Hundreds individual galaxies in the region $11.5^{\rm h}<{\rm RA}<13.5^{\rm h};+18^{\circ}<{\rm Dec}<32^{\circ}$that covers the majority of the the Coma Supercluster (CS) were in the mean time being surveyed at 21 cm (e.g. Chincarini et al. 1983; Gavazzi 1987, 1989; Scodeggio & Gavazzi 1993, and references therein) providing additional radio redshifts. Gavazzi et al. (1999), following the pioneering work of Gregory & Thompson (1978), highlighted the 3-D structure of the CS, containing 2 rich clusters: Coma (A1656) and A1367, several minor dynamical units (groups) and a multitude of galaxies belonging to the filaments with a small velocity dispersion. Being at constant distance from us, the CS region offered a unique opportunity for comparing directly the properties of galaxies in very different environmental conditions. As the spread in redshift is minimal in the CS (let alone the fingers of God of the two clusters) the high density contrast with foreground and background structures (large volumes in the foreground of the CS are completely devoid of galaxies) makes it quite straightforward to identify a huge slab of galaxies at approximately constant distance (D=96 Mpc, $\mu=-34.9$ mag corresponding to $cz\sim 7000$ km s-1), making it possible to compare galaxies in extreme environments free from distance biases.

By 2003, when the data from the Coma region were providing the skeleton for the web-based Goldmine database (Gavazzi et al. 2003), the 1127 CS galaxies included in the CGCG catalogue (Zwicky et al. 1961-1968) had all a measured redshift. Due to the shallowness of the CGCG catalogue, however, only giant galaxies ( $m_{\rm p} \leq 15.7$ mag corresponds to $M_{\rm p} \leq -19.3$ at the distance of CS) were represented, while dwarfs, that meanwhile were discovered to dominate the galaxy luminosity function, were neglected.

The idea of undertaking a deeper photometric survey of the CS region surpassing by at least 2 mag the CGCG was considered and soon abandoned because it would have been prohibitive for medium size telescopes equipped with CCDs not larger than 10 arcmin on each side, as available in the late '90s, to cover such a large stretch of the sky. Let alone the spectroscopy: for r<18 mag there are about 150 galaxies per square deg (Heidt et al. 2003; Yasuda et al. 2007), so that in 420 deg2 it would have been necessary to take 65 000 spectra for sorting out the objects in the velocity range 4000<cz<9500 km s-1 appropriate for the CS (that a posteriori we know to sum only to approximately 4000).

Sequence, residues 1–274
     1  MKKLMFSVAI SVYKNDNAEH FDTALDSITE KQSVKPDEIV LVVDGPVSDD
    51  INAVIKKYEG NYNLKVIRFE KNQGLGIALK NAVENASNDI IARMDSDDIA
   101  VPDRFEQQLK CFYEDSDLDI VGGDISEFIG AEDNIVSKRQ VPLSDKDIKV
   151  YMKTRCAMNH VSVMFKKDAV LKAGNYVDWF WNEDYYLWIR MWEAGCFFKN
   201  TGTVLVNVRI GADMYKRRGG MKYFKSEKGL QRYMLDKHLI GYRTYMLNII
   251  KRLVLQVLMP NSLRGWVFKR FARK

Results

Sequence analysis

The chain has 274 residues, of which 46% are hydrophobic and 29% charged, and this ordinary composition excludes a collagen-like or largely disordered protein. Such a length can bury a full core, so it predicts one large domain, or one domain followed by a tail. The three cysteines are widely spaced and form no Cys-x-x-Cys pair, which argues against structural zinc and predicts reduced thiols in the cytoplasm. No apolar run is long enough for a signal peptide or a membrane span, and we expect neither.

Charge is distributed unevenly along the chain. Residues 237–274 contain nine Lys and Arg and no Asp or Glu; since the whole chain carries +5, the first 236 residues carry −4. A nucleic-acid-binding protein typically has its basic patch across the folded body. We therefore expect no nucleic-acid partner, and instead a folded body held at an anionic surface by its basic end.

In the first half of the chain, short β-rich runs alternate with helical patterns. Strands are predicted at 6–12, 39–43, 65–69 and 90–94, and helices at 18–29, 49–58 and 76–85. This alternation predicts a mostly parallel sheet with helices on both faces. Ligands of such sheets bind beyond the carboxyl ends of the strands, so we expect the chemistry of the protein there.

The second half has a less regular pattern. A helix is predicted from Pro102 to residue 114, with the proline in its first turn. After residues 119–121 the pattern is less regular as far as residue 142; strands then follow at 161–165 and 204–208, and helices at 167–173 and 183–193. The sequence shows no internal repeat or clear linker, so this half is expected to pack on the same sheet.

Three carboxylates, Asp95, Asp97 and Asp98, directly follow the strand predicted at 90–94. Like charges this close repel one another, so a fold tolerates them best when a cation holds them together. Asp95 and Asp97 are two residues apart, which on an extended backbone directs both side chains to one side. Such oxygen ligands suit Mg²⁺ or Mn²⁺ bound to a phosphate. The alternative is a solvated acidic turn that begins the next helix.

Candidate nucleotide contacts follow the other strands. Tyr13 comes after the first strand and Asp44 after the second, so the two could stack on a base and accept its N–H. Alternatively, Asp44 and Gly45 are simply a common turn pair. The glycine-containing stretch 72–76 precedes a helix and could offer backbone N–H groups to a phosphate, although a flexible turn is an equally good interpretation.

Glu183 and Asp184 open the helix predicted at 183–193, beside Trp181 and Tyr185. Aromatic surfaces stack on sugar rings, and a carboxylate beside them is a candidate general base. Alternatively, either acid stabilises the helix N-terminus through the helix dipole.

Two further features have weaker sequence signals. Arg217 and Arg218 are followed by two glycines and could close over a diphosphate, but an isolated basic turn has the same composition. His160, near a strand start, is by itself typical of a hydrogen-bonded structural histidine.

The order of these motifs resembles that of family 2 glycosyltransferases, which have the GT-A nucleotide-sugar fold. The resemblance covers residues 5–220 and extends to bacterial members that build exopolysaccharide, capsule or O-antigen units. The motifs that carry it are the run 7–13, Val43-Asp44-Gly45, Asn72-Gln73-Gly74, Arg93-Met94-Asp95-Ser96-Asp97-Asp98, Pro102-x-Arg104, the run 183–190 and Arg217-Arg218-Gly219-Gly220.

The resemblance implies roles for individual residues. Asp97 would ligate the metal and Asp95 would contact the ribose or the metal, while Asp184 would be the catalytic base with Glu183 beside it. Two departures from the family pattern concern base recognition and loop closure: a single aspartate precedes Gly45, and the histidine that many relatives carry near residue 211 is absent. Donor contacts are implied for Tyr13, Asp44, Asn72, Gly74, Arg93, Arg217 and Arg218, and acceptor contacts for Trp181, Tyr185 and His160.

With the DR7 data release of SDSS (2009) this dream became a reality: not only can we rely on a five color (u,g,r,i,z) photometric survey (with limiting sensitivity of 22.2 mag in the g and r bands and limiting surface brightness of $\mu_{\rm g} \sim 25.5$ mag arcsec-2), but also on the spectroscopy of (nominally) all galaxies brighter than r<17.77 mag[*] (with effective surface brightness $\mu_{\rm e}<24.5$ mag arcsec-2).

The present ``near-field cosmology'' project makes use of the photometry and the spectroscopy provided by SDSS much in the way astronomers use telescopes in ``service observing'' mode, but counting on an almost unlimited amount of observing time. By saying so we wish to emphasize that, opposite to most SDSS statistical analyzes that are based on such large number of objects that cannot be inspected individually, the number of galaxies ($\sim$4000) in the present study is large enough to ensure statistical significance, but not too large to prevent individual inspection of all images and spectra. The Coma supercluster constitutes the ideal bridge between the near-field and the high-z cosmology.

Several modern studies based on hundreds of thousands galaxies from the SDSS in the local universe (usually 0.05<z<0.2) address environmental issues by quantifying the dependence of galaxy structural and photometric parameters from the local galaxy density. The density around each galaxy is computed counting galaxies in cylinders of given projected radius and depth in the redshift space. Most studies adopt 2 Mpc and 500 km s-1 (e.g. Kauffmann et al. 2004) or 1 Mpc and 1000 km s-1 (e.g. Hogg et al. 2004), as a compromise for detecting structures intermediate between large groups and small clusters. It is not easy however to visualize what type of structures are found by these automatic algorithms. The present study gives the opportunity to reciprocally calibrate structures that are seen individually in the CS with those that are detected by statistical means.